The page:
67 speakers, 90+ workshops, one lit fest: how this Harvard-educated woman entrepreneur is taking children’s literature by storm
Sometimes, ideas spring from personal experiences. On other occasions, it’s just a matter of finding one’s true calling. For Kavita Gupta Sabharwal, the managing trustee of Bengaluru-based Neev Academy, entrepreneurship was an amalgamation of both.
A business graduate from Harvard University with a Master’s degree in Biotechnology from Mumbai University, Kavita began drifting towards the education sector in 2005. By this time, she had already raked up years of experience in corporate strategy and finance, heading these functions for one of India’s largest publicly-listed pharmaceutical firms. But she realised her true calling was somewhere else.
Kavita Gupta Sabharwal
In early 2000, frustrated with the state of pre-schools in India and unable to find the right fit for her own children, she began considering the education market – now a whopping $101.1 billion market opportunity – seriously. It was ultimately in the year 2005, when she incepted Neev.
It was indeed the beginning of something new, both for the pioneer educationist and the academy, which today owns five preschools and one academy campus in Bangalore, employing over 200 teaching professionals and meeting the developmental needs of around 1,200 children.
Its excellence is built on small learning environments focused on learning and development that is differentiated, relevant, and integrated. The idea, as the founder tells HerStory, is to create life-long learners. Neev is invested towards this cause, not just through the academic curriculum but also in the form of many other endeavours, prominent among them being the annual Neev Literature Festival - a literary event devoted to putting children’s literature at the front and centre of all action.
Everything you need to know about NLF 3.0
Over the years, the NLF has seen some of the most celebrated writers and authors of India - Sudha Murthy, Devdutt Patnaik, Rupa Pai, Paoli Sengupta, and Ranjit Lal, to name a few - become a part of the festival. In its third edition now, the line-up for NLF 3.0 is once again spectacular.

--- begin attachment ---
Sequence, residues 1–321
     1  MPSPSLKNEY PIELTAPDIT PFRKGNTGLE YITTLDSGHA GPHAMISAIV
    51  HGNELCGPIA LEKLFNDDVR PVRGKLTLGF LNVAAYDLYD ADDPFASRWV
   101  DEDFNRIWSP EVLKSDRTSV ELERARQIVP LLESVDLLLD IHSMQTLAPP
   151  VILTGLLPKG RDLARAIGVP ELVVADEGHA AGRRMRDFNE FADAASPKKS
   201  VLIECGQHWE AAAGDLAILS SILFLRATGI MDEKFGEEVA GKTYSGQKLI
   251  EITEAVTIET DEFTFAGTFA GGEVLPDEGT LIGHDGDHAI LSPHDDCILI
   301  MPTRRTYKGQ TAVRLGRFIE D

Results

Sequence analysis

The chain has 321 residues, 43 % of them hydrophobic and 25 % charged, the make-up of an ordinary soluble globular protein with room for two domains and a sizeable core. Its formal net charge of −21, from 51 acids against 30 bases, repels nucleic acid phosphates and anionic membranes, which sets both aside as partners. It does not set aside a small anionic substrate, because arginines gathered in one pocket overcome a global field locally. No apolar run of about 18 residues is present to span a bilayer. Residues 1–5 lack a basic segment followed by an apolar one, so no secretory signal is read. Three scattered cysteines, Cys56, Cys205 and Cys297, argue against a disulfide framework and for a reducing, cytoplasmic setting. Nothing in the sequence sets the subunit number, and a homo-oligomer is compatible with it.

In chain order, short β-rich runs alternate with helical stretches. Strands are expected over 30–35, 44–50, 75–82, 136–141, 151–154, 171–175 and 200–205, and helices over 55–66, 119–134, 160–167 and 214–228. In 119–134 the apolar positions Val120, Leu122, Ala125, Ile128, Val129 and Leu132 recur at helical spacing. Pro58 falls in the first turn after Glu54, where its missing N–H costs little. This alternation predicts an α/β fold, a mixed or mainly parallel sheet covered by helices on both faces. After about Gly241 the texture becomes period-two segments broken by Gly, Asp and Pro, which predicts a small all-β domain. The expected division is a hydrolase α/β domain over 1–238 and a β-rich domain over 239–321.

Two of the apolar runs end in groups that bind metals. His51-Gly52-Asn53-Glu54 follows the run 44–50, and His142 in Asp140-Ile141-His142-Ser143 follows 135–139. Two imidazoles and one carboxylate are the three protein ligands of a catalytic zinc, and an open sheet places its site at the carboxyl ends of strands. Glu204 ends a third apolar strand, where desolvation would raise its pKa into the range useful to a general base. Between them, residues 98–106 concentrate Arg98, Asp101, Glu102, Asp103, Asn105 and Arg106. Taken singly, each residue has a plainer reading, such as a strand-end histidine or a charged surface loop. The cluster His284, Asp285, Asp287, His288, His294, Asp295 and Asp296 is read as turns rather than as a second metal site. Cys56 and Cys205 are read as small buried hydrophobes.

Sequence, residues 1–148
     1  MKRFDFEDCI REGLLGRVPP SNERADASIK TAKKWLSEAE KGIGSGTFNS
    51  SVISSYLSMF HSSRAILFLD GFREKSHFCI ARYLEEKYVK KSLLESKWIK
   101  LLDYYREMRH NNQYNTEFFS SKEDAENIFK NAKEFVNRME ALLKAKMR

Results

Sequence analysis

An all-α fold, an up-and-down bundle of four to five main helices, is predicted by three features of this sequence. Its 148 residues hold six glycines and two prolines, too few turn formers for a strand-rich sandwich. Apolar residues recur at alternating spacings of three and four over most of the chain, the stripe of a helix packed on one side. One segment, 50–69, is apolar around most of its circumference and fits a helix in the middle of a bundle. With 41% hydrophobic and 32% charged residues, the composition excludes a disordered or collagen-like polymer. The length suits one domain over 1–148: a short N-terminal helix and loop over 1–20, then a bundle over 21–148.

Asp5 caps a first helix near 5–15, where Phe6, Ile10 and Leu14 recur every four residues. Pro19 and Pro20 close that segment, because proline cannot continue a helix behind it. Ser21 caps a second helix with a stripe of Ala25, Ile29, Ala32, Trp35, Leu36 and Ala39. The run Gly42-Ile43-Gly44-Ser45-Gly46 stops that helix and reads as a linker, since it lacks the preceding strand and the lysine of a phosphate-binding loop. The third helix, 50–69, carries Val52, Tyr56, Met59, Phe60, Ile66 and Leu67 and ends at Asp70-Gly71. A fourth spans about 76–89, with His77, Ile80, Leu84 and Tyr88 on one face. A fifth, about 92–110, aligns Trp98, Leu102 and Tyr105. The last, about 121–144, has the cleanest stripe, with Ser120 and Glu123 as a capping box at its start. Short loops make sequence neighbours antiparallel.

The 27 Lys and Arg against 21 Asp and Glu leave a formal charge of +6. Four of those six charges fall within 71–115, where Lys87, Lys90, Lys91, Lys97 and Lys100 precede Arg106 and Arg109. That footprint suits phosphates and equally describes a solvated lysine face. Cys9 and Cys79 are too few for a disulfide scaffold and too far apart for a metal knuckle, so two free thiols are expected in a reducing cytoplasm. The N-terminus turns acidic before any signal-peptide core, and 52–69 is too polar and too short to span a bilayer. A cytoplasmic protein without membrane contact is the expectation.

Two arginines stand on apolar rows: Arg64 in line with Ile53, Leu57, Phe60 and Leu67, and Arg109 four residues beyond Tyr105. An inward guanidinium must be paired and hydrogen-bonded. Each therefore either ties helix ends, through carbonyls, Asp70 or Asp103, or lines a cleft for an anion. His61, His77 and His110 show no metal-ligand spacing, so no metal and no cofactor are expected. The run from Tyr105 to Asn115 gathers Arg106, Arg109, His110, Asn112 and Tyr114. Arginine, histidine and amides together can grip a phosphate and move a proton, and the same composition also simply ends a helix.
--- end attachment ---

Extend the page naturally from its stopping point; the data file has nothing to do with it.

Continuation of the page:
Neev Literature Festival 2018
Around 67 speakers and 90+ student workshops will be a part of NLF 2019, with an illustrious forum boasting names like Aditi De, a writer-photographer-blogger, Aijaz Khan, filmmaker and director of The White Elephant, Ameen Haque, the founder of Storywallahs, David Melling, author-cum-illustrator, Deepak Dalal, author, and mythology writer Devdutt Pattnaik, among others.
Besides sessions for children, NLF 2019, hosted at the Neev Academy on September 20 and 21, will also introduce a host of workshops, interactions, and book readings focussed on parents, teachers, librarians, and educationists. The festival also has a curated book marketplace for great children's literature, from India and abroad, that children should read.
“This is the largest event in India for children’s literature,” says the Neev School’s founder. “Our simple goal is to bring a unique experience for children's literature, so they all recognise the need of ‘taking children's literature seriously’.”
Why we need to take children’s literature seriously
“At most literature festivals, children's literature is a sideshow,” says Kavita.
She explains the Neev Literature Festival (NLF) is an investment in the future of education in India. It puts children's literature at the centre stage, creating a serious conversation around quality, choice and its impact while engaging the influencers (parents, teachers and librarians) in a dialogue with the creators (writers, illustrators and publishers). All this while children participate in workshops that inspire spark a love for reading.